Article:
Signs of Early Spring
Winter Aconite (Eranthus hymelis) is in full bloom. It is native to Europe, but it came along to this garden via a Red Trillium I transplanted from my old garden. A member of the buttercup family, its golden cups are the earliest perennial to bloom in our area, sometimes as early as late February and I have seen early bumble bees nectaring on them. Like all ephemerals, plant it under trees or shrubs where it receives full sun in the spring when it booms and shade from leaves in the summer when it goes underground to sleep until the following spring.
Lawns are greening up; green shoots of prairie and savanna sedges, various onions, and chives are emerging from the ground.
Geese and Sandhill Cranes flying north (reported by Karen).
The first robin, seen by my daughter, on Sunday.
And then, the most amazing event of all: Keri saw a butterfly! I saw the same species in early March several years ago and looked it up then. I found it was a Mourning Cloak (Nymphalis antiopa) emerging from its winter hibernation. Amazingly, Mourning Cloaks hibernate all winter in our area as adults under tree bark or in debris in woodlands
Easy to identify, Mourning Cloak is a little smaller than a monarch with a 3-3 1/2” wingspan. Its black velvet wings are edged with a band of gold with iridescent blue spots just above the band. An inhabitant of woodland openings and edges, its favorite food is sap exuding from holes in trees that have been drilled by woodpeckers. It is also partial to rotting fruit and dung. The caterpillars feed on Hackberry (Celtis occidentalis) and various elm, willow, birch, and nettles.
How are they able to hibernate all winter in this climate without freezing to death?
Doug Taron, in an article in the winter 2002 issue of Chicago Wilderness magazine, explains: “The cold itself does not kill the butterflies. While the formation of ice crystals in body tissue is deadly, Mourning Cloaks cope with this problem by secreting large amounts of natural antifreezes – such as sorbitol – into their bodies. These chemicals are produced only as the weather begins to cool,” He goes on to say: “The fact that Mourning Cloaks remain in a state of suspended animation for many months allows them to have greatly extended adult life spans. While a period of about two weeks is a typical life span for most adult butterflies, Mourning Cloak adults live for 10-11 months – the longest life span of any North American butterfly.”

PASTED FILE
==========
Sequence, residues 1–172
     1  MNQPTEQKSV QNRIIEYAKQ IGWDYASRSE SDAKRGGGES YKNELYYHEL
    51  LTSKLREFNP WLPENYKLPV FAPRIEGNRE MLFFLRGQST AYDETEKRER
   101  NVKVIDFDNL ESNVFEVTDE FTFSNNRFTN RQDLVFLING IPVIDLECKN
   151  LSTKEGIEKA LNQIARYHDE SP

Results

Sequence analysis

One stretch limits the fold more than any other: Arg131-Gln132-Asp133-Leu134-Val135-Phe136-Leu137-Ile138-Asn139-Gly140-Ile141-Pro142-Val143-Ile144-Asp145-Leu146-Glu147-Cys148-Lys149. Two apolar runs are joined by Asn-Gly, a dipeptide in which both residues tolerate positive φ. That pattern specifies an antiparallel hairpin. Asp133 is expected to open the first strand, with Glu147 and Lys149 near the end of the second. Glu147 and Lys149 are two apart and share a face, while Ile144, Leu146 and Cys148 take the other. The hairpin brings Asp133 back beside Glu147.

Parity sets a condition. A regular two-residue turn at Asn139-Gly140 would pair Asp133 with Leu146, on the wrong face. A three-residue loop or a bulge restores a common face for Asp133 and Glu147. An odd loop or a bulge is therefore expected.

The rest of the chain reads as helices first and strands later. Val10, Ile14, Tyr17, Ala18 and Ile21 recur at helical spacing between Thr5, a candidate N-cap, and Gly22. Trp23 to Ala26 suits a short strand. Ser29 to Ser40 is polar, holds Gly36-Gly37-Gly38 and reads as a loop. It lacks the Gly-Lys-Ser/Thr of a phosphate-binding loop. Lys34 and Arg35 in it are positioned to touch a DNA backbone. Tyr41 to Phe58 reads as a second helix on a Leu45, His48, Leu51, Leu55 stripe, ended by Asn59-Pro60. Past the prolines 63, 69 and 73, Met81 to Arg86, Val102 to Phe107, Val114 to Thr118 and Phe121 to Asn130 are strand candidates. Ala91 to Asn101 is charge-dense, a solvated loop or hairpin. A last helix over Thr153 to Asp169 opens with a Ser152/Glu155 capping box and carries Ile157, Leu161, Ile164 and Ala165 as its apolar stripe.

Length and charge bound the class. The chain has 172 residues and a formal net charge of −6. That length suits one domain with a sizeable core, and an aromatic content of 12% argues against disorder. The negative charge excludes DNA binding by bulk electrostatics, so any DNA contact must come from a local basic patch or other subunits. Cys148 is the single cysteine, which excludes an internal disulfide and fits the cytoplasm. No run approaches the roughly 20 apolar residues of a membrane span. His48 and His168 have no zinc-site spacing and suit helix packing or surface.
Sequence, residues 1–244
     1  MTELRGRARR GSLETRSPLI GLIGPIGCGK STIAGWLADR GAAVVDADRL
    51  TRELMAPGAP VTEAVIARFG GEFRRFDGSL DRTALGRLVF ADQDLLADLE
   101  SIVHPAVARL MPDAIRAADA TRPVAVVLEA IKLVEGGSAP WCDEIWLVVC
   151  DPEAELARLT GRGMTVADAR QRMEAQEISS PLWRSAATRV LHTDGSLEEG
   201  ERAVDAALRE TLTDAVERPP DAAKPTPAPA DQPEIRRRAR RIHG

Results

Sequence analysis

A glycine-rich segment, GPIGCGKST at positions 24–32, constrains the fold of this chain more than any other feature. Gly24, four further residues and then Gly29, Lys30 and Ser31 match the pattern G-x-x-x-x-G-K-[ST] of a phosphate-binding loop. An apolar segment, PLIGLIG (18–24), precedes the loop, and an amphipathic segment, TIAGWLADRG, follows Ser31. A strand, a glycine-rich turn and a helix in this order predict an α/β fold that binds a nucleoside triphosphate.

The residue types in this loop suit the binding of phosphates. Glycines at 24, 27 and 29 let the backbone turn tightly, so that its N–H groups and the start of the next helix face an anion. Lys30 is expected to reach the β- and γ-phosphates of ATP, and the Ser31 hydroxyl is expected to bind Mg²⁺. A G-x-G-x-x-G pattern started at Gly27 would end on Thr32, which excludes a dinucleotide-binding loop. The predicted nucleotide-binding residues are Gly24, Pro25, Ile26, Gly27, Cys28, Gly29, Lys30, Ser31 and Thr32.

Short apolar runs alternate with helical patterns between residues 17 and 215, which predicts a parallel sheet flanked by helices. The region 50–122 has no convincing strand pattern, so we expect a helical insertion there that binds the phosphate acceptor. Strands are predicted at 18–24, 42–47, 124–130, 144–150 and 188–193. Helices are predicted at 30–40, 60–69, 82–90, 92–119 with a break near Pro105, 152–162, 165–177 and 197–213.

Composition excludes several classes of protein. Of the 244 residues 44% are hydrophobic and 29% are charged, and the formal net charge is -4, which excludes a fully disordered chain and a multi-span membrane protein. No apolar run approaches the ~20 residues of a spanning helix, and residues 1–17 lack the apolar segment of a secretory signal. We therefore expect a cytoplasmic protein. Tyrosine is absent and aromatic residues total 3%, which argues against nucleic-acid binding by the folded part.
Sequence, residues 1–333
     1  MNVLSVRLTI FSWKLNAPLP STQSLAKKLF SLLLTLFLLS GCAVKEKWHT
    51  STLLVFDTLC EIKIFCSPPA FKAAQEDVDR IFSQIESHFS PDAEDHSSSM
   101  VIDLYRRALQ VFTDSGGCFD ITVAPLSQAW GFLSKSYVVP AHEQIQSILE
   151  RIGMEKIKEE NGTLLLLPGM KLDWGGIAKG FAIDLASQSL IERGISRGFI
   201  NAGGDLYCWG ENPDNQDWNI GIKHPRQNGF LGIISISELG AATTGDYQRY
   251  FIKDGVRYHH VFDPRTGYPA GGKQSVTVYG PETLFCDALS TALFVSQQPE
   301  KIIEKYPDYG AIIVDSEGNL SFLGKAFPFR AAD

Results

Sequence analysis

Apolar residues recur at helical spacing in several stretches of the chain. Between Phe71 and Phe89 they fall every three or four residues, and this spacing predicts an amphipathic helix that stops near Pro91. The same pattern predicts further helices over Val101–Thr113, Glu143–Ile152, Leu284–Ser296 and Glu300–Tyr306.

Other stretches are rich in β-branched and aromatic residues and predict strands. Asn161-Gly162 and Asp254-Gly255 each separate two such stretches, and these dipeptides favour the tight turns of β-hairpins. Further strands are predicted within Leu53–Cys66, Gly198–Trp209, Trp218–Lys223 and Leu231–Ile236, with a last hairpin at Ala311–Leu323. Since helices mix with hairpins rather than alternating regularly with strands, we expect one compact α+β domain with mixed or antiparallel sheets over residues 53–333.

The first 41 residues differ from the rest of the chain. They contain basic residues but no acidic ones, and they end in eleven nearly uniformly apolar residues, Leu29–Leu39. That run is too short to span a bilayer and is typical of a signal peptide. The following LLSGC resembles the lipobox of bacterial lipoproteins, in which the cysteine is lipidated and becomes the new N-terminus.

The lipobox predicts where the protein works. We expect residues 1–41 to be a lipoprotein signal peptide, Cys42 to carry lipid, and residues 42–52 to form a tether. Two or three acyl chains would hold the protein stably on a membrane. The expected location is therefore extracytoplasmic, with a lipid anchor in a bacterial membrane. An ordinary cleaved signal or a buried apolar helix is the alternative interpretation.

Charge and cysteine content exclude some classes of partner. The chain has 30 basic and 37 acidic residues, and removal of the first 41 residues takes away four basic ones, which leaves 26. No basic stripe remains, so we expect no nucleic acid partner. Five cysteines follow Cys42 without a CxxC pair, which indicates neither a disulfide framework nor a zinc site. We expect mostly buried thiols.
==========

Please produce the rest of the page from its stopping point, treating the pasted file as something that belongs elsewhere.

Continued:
And who is Doug Taron?
Dr. Taron has been the Curator of Biology at Chicago Academy of Sciences’ Peggy Notebaert Nature Museum since the museum’s opening in 1999. Among other things, he manages the 2,700 square-foot Judy Istock Butterfly Haven, the only permanent year-round exhibit of live butterflies in Illinois, and its 1,000 butterflies. Chicago Wilderness, Winter, 2002
My Illinois State Representative from District 31, which takes in most of Elgin, Anna Moeller, is sponsoring a bill to make Milkweed our State Flower. As you know, Monarch Butterflies feed exclusively on Milkweed, but modern ways of farming has killed milkweed that used to thrive on the edges of farmer’s fields. Making Milkweed our state flower will call attention to the situation and encourage us all to plant milkweed in our home gardens, school gardens, and church gardens.